Wednesday, September 06, 2006

Jelly legs

Right, a quick update required I think. In the last episode of London Novice, Dom was dismayed by the lack of decent economy housing in the capital. This opinion was then tempered by being affronted in Brixton and realising that awful though some of the houses he'd seen undoubtedly were, nowhere is quite as shitty as Brixton.

It's fun to talk in the third person.

Just call me jelly legs. I've been in London for two and half weeks up until this point working for my new PR company and living in Southfields. Within days of moving in properly I realised two things:

1. My bed was broken and my landlord is never going to do fuck all about it, nice guy that he is.

2. There is an all mod-cons athletic track five minutes away from my front door.

Now so that you're aware, the realisation most pertinent to this posting is the second the other is just another opportunity to whine about my bed. It really does suck, it's like sleeping on an inverted speedbump.

So I turned up to my first training session after being in London for two days and I was ambushed by smiley happy faces. Little did I realise that this was a cynical ploy to cover the tortuous fate that was awaiting me. After mistaking the warm up for the main session's activity, I was in the process of threading my tracksuit bottoms onto my legs when I noticed people were getting their spikes out. Rather than acting as I should and bolting for the gate before attention was drawn to my cowardice, I succumbed to peer pressure and accepted my fate. The session went well, I didn't black out and only once did a 14 year old girl pass me with consumate ease. The other two times she was really trying.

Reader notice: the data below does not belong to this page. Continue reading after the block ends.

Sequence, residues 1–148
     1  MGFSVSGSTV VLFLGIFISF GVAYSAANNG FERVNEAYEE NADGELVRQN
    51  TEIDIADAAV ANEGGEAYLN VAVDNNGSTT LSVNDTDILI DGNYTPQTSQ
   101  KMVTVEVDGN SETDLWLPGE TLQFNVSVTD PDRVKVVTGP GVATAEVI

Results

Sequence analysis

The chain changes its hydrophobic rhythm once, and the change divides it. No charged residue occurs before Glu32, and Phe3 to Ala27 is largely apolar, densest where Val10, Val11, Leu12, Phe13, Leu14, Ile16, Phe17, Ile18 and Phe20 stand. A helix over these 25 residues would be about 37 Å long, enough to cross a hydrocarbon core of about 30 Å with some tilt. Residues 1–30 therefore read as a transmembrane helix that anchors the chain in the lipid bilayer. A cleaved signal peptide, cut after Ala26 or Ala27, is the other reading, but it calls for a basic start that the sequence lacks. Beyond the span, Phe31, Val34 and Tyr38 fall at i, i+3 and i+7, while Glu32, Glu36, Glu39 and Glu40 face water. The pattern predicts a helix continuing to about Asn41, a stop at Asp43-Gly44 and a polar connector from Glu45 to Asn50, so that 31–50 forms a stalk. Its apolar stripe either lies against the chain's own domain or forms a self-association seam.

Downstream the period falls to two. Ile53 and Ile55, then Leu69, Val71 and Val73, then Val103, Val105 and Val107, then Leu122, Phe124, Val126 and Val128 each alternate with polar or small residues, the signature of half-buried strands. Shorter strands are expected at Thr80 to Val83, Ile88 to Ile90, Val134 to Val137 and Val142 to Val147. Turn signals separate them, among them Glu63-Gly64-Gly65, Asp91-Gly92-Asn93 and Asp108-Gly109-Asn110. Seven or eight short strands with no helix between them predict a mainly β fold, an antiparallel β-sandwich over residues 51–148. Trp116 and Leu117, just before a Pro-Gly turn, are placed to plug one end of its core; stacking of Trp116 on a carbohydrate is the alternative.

Stupidly I returned again last night and somwhere in the middle of a session consisting of three five-minute all out efforts with two measly minutes of recovery in between I was grafted the legs of a new-born foal. Suddenly whilst trying to augment my position at the back of the field I lost the ability to run in a straight line adding on a couple of metres every lap as my legs swayed a crazy wobble down the track. There was one solitary positive to be taken from it, I was never lapped because much like cars following a driver whose left indicator has been flashing for the past five minutes, people couldn't figure out which way I was going next. The running club in truth has beena massive boon allowing me to meet up with a wide variety of people outside of work and giving me a focus whilst I try to remove excess chub.

I will add some new postings over the next few weeks dealing more with te subject of London generally but it's difficult until I get an internet connection sorted at my flat.

Thursday, August 03, 2006

London - the housing market of shattered dreams

So I've been to London two weekends in a row now and the results were utterly depressing. I have luckily managed to come away with a nice house, which I am now in negotiations to houseshare but overall the experience was heart-wrenchingly awful.